U.S. Supreme Court Clarifies ADA’s Definition of ‘Employee’
Jun 2, 2003
The United States Supreme Court recently issued a landmark decision regarding coverage under the Americans with Disabilities Act (ADA). The ADA prohibits employers with 15 or more employees from discriminating against employees because of real or received disabilities.
The employer in this case was a professional medical corporation. The company argued that it was not covered by the ADA because it only had eleven employees. In making this argument, the company did not count four physician-shareholders who participated in the medical practice's management and operations. The issue before the Court was whether these four physicians were properly excluded from the employee head count on the basis they were not "employees" within the meaning of the ADA.
The Court interpreted and adopted the EEOC's coverage guidelines which outline the circumstances under which partners, officers, board members and shareholders qualify as employers rather than employees under federal anti-discrimination statutes. These guidelines require a factual analysis of six factors to determine whether an individual is an employer rather than an employee:
- Whether the organization can hire or fire the individual or regulate their work;
- Whether the employer has the right to control when, where and how the individual performs their work;
- Whether the individual reports to a higher internal authority;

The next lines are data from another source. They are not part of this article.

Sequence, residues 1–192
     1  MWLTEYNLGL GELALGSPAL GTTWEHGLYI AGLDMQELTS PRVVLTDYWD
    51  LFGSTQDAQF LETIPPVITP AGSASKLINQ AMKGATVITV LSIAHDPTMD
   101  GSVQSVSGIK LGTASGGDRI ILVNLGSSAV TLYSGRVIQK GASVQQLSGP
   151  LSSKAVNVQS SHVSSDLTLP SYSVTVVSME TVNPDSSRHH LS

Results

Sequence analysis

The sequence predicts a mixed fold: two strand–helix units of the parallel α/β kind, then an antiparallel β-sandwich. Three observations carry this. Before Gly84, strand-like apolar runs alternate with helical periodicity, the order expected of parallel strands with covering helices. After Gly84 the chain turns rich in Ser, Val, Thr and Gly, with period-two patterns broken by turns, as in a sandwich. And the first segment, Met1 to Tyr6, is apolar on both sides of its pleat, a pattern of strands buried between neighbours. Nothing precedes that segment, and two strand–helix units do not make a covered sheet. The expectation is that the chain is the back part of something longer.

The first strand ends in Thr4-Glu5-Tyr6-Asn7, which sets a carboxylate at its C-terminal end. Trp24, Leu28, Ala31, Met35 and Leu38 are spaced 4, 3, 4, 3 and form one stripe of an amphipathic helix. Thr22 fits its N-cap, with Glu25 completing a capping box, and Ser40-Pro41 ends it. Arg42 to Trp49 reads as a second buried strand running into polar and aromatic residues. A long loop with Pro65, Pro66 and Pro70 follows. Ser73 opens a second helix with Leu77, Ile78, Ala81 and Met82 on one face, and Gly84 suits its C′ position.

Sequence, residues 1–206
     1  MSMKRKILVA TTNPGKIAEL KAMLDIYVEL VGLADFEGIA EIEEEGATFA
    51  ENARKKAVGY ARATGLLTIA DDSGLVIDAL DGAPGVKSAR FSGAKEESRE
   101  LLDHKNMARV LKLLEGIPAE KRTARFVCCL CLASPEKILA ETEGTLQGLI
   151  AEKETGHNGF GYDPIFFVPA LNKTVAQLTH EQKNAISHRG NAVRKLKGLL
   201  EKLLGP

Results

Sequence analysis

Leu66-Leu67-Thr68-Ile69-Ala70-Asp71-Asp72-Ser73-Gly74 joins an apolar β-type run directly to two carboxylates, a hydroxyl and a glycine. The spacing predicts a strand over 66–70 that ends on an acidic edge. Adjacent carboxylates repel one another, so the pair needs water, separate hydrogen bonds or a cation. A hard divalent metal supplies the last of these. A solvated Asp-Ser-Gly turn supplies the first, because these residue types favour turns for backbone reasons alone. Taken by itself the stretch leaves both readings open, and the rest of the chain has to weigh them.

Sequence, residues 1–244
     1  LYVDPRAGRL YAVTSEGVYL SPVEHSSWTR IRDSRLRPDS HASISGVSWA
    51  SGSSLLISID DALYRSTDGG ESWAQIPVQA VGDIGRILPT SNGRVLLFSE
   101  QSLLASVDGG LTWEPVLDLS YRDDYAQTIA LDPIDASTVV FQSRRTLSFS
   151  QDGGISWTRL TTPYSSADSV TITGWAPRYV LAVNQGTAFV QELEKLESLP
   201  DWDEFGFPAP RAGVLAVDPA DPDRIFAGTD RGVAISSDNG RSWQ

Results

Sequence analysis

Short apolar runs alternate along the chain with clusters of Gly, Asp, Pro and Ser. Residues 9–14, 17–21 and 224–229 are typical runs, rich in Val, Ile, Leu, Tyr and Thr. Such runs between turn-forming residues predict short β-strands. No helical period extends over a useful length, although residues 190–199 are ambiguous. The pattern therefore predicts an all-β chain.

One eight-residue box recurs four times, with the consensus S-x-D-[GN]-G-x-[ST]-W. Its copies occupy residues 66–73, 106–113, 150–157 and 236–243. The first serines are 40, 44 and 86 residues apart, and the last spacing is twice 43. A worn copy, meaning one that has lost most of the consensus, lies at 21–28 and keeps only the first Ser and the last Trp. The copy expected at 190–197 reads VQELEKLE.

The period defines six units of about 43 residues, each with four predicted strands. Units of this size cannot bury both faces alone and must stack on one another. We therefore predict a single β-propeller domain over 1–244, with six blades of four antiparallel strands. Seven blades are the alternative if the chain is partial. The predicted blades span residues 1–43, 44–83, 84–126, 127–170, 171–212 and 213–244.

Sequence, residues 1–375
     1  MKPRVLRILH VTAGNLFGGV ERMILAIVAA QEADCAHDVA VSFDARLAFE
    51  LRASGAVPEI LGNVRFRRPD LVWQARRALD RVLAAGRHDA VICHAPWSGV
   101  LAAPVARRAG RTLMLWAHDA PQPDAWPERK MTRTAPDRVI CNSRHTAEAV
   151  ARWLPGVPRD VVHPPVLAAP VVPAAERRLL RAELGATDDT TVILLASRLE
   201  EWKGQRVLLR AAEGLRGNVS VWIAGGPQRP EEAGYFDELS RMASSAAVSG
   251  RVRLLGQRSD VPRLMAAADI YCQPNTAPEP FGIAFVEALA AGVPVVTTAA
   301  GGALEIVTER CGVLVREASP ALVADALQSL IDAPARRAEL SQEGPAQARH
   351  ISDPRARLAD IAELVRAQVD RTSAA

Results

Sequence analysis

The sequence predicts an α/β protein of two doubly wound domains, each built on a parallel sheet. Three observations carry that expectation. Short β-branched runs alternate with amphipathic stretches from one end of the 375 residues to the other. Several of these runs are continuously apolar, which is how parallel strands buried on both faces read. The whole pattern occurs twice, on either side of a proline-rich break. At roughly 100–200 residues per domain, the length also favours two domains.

- Whether the individual can influence the organization's business;
- Whether written agreements, contracts or other documents refer to the individual as an employee; and
- Whether the individual shares in the organization's profits, losses and liabilities.
While no one factor is outcome-determinative, the Court did make it clear that the "common-law touchstone of control" is extremely important to the analysis. In this regard, the Court noted that an employer is someone who owns and manages the enterprise. An employer can hire, discipline and fire employees, assign tasks and supervise an employee's performance. An employer can also decide how the profits and losses of the business are allocated and distributed. An employee cannot do these things. The Court could not, based on the record before it, determine whether the four excluded shareholders in question qualified as employers and remanded the case to the trial court for further proceedings.
This case is good news for small employers on the cusp of the 15-employee statutory coverage requirement because the Court's adoption of the EEOC's guidelines makes it easier for board members, partners and shareholders to be excluded from employee head counts for purposes of determining whether a company meets the 15-employee coverage requirement. On the flip side, this case is good news for partners or shareholders who do not function as true owners because they will now be counted as employees and entitled to the protections of the ADA.
Although this case dealt solely with the ADA, the Court’s ruling applies to all other federal discrimination lawsuits because the EEOC guidance interpreted and adopted by the Court expressly applies across the board to other federal anti-discrimination statutes, including Title VII of the Civil Rights Act of 1964, the Age Discrimination in Employment Act and the Equal Pay Act.